Looking For His Mind     How many times did he tell himself, “This too shall pass?” How many times did he fall into darkness where his glasses did no good? He keeps falling, heavy with questions. The Master asks, “Where are you going?” “I am looking for my mind.” The Master replies “You must take another path.”   He walks to Warsaw, greets the Polish Poet, bushy-browed with a fixed stare, asks, “Where is my mind?” The Poet answers: “You are not done with your changes – to be grateful is enough.”     Lamentations for Kensington     Here lived Poles, Krauts, Jews, Ukies, Slovaks, and so many others from Eastern Europe. Here the shoemaker mended shoes and priests the souls of immigrants.   The cobbler’s store is shuttered. Where bottles were thrown against the walls, the streets sparkle with broken glass. Here are the wounds of drugs. Pawnshops blister the Kensington and Allegheny corridor; junkies unload their swag for cash without bargaining.   North Catholic High is closed, the playing field where immigrants headed balls now sore with weeds and litter. Once a blue-collar neighborhood, it lingers with the ghosts of machinists, steel workers, truck drivers, mill menders.   St. Bonnie’s reddish brownstone’s gone, its stained glass hanging in someone else’s window. That house with the coal cellar still is there on a street of abandoned streets, where boys with baskets sold five-cent pretzels. The Harbison Milk Bottle still eyes the town. The El stations smell of urine.   The Market Street transit speeds by as if to avoid the plague of Kensington where I dated Maryann from Little Flower.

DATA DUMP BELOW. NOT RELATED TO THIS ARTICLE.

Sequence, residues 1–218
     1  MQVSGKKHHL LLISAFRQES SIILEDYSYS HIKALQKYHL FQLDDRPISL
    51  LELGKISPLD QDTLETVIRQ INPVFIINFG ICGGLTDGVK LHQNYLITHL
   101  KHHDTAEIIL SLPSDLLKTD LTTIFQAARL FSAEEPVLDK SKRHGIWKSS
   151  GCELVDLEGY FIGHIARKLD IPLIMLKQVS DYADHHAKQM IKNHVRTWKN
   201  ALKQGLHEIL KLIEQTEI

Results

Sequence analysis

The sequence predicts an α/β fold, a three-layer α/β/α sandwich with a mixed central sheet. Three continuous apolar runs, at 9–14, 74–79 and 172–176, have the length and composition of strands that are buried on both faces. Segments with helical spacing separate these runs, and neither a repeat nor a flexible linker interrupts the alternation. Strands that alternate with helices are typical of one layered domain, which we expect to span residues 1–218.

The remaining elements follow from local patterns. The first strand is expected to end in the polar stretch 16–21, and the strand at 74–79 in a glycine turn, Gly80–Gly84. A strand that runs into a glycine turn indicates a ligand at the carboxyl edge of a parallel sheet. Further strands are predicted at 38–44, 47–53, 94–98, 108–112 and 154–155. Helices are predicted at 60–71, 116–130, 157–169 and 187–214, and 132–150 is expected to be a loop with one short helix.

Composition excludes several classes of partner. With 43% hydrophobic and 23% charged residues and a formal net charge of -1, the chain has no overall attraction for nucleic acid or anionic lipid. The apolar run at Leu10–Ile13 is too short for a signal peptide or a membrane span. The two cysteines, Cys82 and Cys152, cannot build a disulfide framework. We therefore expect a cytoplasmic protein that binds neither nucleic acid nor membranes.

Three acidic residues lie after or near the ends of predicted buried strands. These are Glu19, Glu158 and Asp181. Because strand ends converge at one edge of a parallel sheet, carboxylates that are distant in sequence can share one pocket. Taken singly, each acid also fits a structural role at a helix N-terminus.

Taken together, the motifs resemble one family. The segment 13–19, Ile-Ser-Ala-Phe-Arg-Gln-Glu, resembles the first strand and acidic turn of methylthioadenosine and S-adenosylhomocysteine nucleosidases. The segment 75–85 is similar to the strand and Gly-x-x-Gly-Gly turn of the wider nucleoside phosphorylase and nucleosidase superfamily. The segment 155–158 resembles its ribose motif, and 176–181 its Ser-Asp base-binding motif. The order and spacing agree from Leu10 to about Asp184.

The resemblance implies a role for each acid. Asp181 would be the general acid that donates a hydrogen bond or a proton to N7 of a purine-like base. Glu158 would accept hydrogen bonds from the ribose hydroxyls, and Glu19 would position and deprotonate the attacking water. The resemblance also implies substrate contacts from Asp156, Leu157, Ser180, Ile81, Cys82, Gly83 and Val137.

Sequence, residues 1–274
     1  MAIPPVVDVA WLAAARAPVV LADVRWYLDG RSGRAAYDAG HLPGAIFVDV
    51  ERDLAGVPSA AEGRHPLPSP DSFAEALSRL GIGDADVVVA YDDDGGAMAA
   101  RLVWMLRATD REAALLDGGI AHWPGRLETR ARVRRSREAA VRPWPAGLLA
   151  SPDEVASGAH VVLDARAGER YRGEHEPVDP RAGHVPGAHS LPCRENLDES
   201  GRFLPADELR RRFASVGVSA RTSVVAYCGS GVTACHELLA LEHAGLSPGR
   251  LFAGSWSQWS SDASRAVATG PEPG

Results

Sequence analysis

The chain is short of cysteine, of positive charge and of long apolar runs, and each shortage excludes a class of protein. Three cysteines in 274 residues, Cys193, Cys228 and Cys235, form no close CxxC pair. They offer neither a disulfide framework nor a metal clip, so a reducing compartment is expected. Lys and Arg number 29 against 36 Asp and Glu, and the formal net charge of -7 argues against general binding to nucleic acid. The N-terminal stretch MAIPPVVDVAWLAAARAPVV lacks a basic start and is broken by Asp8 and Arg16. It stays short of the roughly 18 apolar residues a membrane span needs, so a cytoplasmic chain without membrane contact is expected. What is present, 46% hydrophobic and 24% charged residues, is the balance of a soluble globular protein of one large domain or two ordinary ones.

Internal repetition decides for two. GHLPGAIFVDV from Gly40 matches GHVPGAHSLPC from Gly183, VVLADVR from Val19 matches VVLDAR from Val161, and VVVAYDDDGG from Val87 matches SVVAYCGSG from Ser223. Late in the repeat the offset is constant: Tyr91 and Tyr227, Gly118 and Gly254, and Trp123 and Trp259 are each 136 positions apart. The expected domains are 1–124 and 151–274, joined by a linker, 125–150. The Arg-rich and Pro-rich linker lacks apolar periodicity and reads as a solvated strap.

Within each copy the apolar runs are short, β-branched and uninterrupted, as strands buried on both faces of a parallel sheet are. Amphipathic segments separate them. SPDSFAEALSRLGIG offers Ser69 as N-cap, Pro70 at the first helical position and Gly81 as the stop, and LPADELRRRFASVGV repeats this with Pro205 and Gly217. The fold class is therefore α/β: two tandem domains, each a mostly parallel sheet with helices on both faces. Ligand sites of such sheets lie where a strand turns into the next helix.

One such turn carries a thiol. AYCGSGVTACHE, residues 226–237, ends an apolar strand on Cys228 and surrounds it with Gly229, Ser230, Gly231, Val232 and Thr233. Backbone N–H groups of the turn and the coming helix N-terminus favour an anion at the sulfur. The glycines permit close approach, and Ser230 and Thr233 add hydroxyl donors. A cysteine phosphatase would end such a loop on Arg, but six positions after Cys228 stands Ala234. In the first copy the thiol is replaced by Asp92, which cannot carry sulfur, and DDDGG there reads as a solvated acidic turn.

Peter Krok is editor of the Schuylkill Valley Journal (http://svjlit.com) and Humanities Director of the Manayunk Roxborough Art Center in Philadelphia where he has been coordinating a literary series since 1990.He is much-published and known as the “red brick poet” because of his connection with the city. His book, Looking For An Eye, was published by Foothills Press in 2008.